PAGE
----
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Solutions for Chapter 17: Probability Models

Stats: Modeling The World | 3rd Edition | ISBN: 9780131359581 | Authors: David E. Bock

Full solutions for Stats: Modeling The World | 3rd Edition

ISBN: 9780131359581

Stats: Modeling The World | 3rd Edition | ISBN: 9780131359581 | Authors: David E. Bock

Solutions for Chapter 17: Probability Models

Solutions for Chapter 17
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Textbook: Stats: Modeling The World
Edition: 3
Author: David E. Bock
ISBN: 9780131359581

This expansive textbook survival guide covers the following chapters and their solutions. This textbook survival guide was created for the textbook: Stats: Modeling The World , edition: 3. Chapter 17: Probability Models includes 42 full step-by-step solutions. Since 42 problems in chapter 17: Probability Models have been answered, more than 40969 students have viewed full step-by-step solutions from this chapter. Stats: Modeling The World was written by and is associated to the ISBN: 9780131359581.

Key Statistics Terms and definitions covered in this textbook
  • Asymptotic relative eficiency (ARE)

    Used to compare hypothesis tests. The ARE of one test relative to another is the limiting ratio of the sample sizes necessary to obtain identical error probabilities for the two procedures.

  • Biased estimator

    Unbiased estimator.

  • Categorical data

    Data consisting of counts or observations that can be classiied into categories. The categories may be descriptive.

  • Central composite design (CCD)

    A second-order response surface design in k variables consisting of a two-level factorial, 2k axial runs, and one or more center points. The two-level factorial portion of a CCD can be a fractional factorial design when k is large. The CCD is the most widely used design for itting a second-order model.

  • Central limit theorem

    The simplest form of the central limit theorem states that the sum of n independently distributed random variables will tend to be normally distributed as n becomes large. It is a necessary and suficient condition that none of the variances of the individual random variables are large in comparison to their sum. There are more general forms of the central theorem that allow ininite variances and correlated random variables, and there is a multivariate version of the theorem.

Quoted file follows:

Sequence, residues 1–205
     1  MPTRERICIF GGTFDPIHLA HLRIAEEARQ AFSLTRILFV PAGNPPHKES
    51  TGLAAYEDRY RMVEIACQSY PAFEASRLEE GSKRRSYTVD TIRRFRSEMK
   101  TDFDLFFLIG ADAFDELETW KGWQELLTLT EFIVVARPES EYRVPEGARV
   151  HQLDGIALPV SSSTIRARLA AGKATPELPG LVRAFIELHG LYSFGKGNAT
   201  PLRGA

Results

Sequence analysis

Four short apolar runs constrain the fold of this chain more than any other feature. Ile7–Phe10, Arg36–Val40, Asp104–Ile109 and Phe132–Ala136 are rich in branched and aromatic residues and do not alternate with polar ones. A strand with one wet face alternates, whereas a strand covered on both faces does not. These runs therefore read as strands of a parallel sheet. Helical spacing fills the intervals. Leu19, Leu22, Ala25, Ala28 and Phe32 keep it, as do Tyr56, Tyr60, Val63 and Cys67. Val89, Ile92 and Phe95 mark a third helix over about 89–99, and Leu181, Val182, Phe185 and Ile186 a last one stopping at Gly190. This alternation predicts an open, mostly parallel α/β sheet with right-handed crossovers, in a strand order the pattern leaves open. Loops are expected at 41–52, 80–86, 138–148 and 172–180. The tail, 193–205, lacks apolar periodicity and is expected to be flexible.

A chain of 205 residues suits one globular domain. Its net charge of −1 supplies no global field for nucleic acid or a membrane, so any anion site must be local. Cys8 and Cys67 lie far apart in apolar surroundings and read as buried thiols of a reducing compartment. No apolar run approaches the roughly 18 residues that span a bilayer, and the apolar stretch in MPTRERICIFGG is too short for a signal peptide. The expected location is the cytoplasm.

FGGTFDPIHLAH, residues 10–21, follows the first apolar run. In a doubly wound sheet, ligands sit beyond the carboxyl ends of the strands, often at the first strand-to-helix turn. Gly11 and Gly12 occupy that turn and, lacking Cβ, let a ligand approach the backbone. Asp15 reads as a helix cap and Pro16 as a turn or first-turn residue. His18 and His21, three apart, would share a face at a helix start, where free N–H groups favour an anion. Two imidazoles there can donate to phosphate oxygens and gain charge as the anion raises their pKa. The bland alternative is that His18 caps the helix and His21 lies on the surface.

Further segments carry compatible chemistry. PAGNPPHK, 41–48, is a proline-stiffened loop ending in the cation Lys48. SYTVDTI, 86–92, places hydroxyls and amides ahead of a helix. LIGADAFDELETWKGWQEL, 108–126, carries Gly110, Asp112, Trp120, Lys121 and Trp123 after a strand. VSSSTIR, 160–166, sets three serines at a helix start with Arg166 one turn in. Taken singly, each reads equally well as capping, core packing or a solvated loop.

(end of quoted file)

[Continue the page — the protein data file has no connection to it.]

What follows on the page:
• Conditional probability density function

    The probability density function of the conditional probability distribution of a continuous random variable.

  • Conidence interval

    If it is possible to write a probability statement of the form PL U ( ) ? ? ? ? = ?1 where L and U are functions of only the sample data and ? is a parameter, then the interval between L and U is called a conidence interval (or a 100 1( )% ? ? conidence interval). The interpretation is that a statement that the parameter ? lies in this interval will be true 100 1( )% ? ? of the times that such a statement is made

  • Conidence level

    Another term for the conidence coeficient.

  • Continuity correction.

    A correction factor used to improve the approximation to binomial probabilities from a normal distribution.

  • Continuous distribution

    A probability distribution for a continuous random variable.

  • Covariance

    A measure of association between two random variables obtained as the expected value of the product of the two random variables around their means; that is, Cov(X Y, ) [( )( )] =? ? E X Y ? ? X Y .

  • Degrees of freedom.

    The number of independent comparisons that can be made among the elements of a sample. The term is analogous to the number of degrees of freedom for an object in a dynamic system, which is the number of independent coordinates required to determine the motion of the object.

  • Dependent variable

    The response variable in regression or a designed experiment.

  • Discrete uniform random variable

    A discrete random variable with a inite range and constant probability mass function.

  • Empirical model

    A model to relate a response to one or more regressors or factors that is developed from data obtained from the system.

  • Fraction defective control chart

    See P chart

  • Fractional factorial experiment

    A type of factorial experiment in which not all possible treatment combinations are run. This is usually done to reduce the size of an experiment with several factors.

  • Frequency distribution

    An arrangement of the frequencies of observations in a sample or population according to the values that the observations take on

  • Gamma function

    A function used in the probability density function of a gamma random variable that can be considered to extend factorials

  • Gamma random variable

    A random variable that generalizes an Erlang random variable to noninteger values of the parameter r

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